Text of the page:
Through our waste reduction efforts, customers that use our vermicompost instead of toxic chemicals, and educating others to choose healthier growing methods, every day feels like we are making a difference. For years, I have been working the shovel as hard as anyone on my team. In the middle of spring season, that might be 7 days a week of hard physical labor.

Now, I am trying to take a step back from that physical labor and my great staff is allowing me more time to develop educational curriculum, keep up with marketing, etc. If you don’t have a sound business plan, a mission, physical ability, a handle on how to sell your product, and how to keep your finances straight, a worm business might not be a good idea.

11. Give us an understanding of the size of your worm ranch. How many worms or pounds of worms/castings do you send out per month? Our focus is quality over quantity, so we look at a sample from every bin under the microscope. Our building is 12,000 square feet. We have about 80 of our large bins, some smaller bins, a classroom, some office and storage, and our outdoor pre-compost space and educational gardens.

An average month might have 5,000-10,000 lbs of vermicompost and dozens of worm orders (worms aren’t our primary product for sale). We also host classes and do consultations. There’s a lot of variety on a month-to-month basis (except for February-May when we are all about vermicompost).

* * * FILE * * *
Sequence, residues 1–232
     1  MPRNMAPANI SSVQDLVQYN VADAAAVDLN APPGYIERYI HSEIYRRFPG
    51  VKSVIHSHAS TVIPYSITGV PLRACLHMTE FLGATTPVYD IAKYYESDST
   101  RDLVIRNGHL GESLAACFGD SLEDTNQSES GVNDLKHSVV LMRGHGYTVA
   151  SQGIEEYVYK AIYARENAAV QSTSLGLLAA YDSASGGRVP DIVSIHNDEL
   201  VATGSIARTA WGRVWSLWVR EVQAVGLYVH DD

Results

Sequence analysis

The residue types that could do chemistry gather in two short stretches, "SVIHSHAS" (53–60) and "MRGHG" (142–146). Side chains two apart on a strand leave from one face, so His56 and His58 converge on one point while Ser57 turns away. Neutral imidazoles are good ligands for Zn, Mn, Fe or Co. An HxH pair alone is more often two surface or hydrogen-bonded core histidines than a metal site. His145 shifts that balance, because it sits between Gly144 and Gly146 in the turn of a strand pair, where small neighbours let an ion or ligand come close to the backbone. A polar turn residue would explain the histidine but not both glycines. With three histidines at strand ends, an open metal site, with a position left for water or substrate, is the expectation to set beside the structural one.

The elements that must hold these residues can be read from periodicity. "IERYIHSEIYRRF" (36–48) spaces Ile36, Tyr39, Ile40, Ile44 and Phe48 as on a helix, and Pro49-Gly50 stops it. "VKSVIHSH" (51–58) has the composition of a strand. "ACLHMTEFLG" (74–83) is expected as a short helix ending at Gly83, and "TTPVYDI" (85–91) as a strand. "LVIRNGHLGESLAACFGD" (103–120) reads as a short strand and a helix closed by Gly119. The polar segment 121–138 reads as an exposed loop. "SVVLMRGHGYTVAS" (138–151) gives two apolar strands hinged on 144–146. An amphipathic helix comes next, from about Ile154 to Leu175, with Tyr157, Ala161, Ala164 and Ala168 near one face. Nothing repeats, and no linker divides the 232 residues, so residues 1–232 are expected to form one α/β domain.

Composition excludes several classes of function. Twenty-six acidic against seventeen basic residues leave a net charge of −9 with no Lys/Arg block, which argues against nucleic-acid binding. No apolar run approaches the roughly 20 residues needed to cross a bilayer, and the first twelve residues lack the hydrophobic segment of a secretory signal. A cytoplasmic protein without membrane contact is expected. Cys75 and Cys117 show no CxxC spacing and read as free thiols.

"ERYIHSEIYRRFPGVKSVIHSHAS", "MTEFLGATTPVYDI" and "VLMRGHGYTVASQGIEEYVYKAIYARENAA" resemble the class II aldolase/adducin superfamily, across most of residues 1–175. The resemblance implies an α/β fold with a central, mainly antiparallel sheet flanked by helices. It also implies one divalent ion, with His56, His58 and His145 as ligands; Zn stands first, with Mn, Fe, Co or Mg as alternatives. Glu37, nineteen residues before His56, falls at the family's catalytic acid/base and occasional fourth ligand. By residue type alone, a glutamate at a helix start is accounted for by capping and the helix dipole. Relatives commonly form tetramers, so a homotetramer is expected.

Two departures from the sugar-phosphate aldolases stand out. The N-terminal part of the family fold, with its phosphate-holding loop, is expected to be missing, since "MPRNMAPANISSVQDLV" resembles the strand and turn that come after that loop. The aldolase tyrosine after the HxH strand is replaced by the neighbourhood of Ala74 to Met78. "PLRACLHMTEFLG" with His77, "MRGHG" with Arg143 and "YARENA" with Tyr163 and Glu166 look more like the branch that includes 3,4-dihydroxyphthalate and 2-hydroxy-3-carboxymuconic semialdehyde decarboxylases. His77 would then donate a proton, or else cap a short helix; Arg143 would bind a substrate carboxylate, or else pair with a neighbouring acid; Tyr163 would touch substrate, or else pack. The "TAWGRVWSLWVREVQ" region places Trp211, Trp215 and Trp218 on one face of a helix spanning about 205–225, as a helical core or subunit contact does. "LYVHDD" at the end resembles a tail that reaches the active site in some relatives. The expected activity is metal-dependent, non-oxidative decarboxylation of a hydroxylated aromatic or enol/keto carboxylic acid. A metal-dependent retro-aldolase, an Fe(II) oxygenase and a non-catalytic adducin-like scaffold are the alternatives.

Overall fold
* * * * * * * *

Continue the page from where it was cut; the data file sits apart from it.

12. I always tell people to get as much information from several sources to avoid costly mistakes. Can you tell us of any mistakes to avoid? A self-described expert is someone who has stopped learning. Keep researching, keep listening with an open mind, hear the advice of others who have been successful in what you are interested in, while using your critical thinking skills when something seems too good to be true. I often have my ideas challenged when I read new material, and that helps me consider things from a new angle and adapt if necessary.

13. How can someone get a hold of you to purchase worms, take courses, etc? You can find us at:

Head over and check out her worms and worm castings. She also offers workshop classes.

Thank you so much Heather, and keep up the great work! :)


Why did I choose Heather Renaldi to be in the book? Because she is a lot like me in many ways. She delivers quality products with quality service the way it's found in nature.

I can't say I found Heather or she found me. When you listen to nature, you both end up on the same path.

If you're thinking of starting a worm business, there are 5 more cases just like Heather's in the Worm Farming Revolution. Along with the 85 page worm business guide.

Before you start though, make sure you've been worm composting at least 2 years (in my opinion) and be good at it. It's not difficult, but you should be past the learning curves and be making castings and growing you a healthy, productive squirm month after month.

Thank you so much for your subscription,